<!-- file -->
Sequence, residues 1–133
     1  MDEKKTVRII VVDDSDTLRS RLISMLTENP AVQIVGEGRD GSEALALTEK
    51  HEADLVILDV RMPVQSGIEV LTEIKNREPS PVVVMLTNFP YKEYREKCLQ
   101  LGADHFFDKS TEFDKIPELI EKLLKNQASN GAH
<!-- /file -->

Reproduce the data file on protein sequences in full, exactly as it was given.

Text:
Sequence, residues 1–133
     1  MDEKKTVRII VVDDSDTLRS RLISMLTENP AVQIVGEGRD GSEALALTEK
    51  HEADLVILDV RMPVQSGIEV LTEIKNREPS PVVVMLTNFP YKEYREKCLQ
   101  LGADHFFDKS TEFDKIPELI EKLLKNQASN GAH